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Ethical dilemma

  1. Nov 24, 2008 #1
    I'm studying Parkinson's disease for a project assigned in class. During my research, I came across two articles published three days apart, the former from a research group detailing one of their studies and the latter from the BBC. They discuss completely separate aspects of the disease and have nothing to do with each other, but the BBC article copies nearly word for word a section from the research article that lays out a basic description of the disease. It's been nearly seven months since the BBC article was published. Should I just ignore this possible case of plagiarism or should I send an email to the BBC?

    I don't imagine anything worthwhile will happen, except that the necessary citation might be added. It's probably not worth the effort, but I was hoping for some advice either way, because I can't make up my mind.

    Thanks.
     
  2. jcsd
  3. Nov 24, 2008 #2
    If you feel inclined to do so, then send them a letter. A proper citation goes a long way, since then people know who really wrote that part and more importantly that same "author" could still be plagiarizing other people and s/he should be punished for it.

    It's not "taddling" because you are contacting the people that did it wrong to give them a shot at fixing their mistake. If they still don't, then you should probably contact the people who originally wrote the article.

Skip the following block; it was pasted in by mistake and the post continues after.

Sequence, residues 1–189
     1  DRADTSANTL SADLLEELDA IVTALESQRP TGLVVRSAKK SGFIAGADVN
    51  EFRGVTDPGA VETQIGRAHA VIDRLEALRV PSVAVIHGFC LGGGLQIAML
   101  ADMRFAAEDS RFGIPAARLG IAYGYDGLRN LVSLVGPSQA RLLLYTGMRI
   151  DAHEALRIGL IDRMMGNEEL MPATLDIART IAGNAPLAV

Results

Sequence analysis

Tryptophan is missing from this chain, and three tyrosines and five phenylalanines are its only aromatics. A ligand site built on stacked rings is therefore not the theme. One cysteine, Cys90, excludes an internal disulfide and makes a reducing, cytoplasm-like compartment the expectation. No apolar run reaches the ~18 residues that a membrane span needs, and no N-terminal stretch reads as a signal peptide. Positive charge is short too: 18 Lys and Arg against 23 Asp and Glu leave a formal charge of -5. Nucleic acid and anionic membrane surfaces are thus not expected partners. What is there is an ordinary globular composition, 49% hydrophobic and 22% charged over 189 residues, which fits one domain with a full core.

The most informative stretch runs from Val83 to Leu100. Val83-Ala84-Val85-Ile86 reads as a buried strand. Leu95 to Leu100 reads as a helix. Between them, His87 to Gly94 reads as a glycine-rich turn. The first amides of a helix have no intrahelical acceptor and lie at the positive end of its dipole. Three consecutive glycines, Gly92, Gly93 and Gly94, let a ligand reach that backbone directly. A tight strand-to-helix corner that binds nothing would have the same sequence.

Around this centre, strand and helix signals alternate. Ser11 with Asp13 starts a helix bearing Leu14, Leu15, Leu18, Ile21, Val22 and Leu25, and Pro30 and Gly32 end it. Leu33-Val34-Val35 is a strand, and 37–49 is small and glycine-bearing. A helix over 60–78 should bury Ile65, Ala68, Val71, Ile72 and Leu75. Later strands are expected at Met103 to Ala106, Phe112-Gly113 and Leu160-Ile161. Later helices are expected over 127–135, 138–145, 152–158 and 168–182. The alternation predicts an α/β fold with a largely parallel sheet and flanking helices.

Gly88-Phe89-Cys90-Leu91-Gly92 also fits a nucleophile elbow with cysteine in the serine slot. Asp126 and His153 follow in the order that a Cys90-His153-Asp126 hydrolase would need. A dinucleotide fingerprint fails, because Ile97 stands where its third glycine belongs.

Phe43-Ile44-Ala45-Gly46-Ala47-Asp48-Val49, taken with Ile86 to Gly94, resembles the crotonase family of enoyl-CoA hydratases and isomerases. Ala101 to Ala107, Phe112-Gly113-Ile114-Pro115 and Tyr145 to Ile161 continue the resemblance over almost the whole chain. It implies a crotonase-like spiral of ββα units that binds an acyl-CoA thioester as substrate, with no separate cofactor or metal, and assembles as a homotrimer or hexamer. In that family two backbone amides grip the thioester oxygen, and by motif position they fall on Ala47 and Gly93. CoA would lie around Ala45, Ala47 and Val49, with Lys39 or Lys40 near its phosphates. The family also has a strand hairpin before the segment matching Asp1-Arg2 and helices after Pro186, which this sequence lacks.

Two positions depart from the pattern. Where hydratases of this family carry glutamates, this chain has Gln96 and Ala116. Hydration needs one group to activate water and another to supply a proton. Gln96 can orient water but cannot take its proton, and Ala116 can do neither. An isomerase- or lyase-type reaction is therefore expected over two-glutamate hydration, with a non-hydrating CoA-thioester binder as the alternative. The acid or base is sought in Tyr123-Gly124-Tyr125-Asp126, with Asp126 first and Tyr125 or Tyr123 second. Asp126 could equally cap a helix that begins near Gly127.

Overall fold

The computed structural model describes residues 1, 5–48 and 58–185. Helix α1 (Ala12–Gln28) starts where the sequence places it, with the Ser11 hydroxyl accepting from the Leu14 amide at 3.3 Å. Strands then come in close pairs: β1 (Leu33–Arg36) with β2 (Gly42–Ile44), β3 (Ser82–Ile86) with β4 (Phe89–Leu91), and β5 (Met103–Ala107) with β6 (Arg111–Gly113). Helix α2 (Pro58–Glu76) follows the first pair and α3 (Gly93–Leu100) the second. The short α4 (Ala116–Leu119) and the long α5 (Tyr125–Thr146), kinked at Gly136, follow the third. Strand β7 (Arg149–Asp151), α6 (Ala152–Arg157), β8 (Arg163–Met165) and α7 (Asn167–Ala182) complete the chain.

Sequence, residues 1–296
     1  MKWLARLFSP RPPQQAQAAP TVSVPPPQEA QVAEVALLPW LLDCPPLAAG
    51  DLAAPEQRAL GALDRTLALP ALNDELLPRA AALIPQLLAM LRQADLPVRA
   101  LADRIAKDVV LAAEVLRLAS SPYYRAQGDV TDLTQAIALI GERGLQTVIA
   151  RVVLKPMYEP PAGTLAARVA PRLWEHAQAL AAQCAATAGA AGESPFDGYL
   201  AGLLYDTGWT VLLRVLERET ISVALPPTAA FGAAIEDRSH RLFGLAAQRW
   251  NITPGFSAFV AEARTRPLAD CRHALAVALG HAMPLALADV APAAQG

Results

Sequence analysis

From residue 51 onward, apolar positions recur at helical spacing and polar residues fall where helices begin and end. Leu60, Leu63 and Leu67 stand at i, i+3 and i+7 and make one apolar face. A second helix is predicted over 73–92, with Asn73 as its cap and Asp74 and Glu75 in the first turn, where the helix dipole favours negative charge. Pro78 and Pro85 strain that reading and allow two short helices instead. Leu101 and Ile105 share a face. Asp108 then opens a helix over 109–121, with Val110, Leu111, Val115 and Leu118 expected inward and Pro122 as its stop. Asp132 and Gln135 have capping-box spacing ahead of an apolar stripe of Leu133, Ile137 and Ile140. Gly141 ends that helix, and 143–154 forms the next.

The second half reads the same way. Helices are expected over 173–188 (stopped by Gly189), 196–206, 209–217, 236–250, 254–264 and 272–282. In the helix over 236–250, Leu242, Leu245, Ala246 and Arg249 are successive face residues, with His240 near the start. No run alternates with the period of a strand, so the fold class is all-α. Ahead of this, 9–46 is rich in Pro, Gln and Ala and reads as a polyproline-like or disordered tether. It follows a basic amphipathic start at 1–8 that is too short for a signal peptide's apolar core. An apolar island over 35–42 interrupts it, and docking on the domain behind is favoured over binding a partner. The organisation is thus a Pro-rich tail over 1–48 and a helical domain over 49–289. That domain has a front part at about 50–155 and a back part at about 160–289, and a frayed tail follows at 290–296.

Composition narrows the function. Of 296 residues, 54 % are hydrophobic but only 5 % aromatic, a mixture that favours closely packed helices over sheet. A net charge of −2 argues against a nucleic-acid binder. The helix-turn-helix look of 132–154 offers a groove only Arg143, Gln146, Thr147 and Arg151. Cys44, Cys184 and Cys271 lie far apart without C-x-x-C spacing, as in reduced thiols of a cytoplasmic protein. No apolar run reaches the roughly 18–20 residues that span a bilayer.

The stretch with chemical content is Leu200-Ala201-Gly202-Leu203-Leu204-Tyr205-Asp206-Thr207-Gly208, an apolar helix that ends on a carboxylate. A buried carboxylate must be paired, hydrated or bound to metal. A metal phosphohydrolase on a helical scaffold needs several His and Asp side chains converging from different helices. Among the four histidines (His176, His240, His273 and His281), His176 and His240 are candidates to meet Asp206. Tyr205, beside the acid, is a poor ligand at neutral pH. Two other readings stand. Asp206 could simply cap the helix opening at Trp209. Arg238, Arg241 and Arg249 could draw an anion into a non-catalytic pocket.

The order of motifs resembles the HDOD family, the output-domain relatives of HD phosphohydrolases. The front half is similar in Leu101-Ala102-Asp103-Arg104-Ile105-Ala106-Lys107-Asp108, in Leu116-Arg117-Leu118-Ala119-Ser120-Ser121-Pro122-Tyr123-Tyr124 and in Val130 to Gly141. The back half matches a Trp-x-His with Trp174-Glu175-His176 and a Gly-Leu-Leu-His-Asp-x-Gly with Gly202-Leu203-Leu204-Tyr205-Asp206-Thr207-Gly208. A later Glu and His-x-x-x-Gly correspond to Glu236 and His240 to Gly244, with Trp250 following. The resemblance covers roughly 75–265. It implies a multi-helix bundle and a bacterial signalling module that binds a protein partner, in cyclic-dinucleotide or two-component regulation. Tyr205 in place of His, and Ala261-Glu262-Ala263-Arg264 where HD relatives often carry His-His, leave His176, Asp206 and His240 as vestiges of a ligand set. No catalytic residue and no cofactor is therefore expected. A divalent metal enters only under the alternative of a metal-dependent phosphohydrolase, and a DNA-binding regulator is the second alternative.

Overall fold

4. Nov 24, 2008 #3

    Evo

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    Staff: Mentor

    You should contact them and let them know that the author of the story plagiarized the paragraph. You would be doing them a favor, they could get sued.
     
  5. Nov 24, 2008 #4

    JasonRox

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    Considering the nature, I'm probably sure even the BBC copied off someone else. If it's considered general, then it will not be considered "plagiarism".

    I wouldn't even bother if it's just a basic paragraph. That's like copying word for word a theorem to use in your work. It's basic.
     
  6. Nov 26, 2008 #5

    BobG

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    I'm with JasonRox on this. I wouldn't be surprised if both articles pulled the basic description from the same third source. Both should cite the source for the description, but it sounds like the basic description is background info the reader needs to know (if they didn't already) in order to understand the articles.
     
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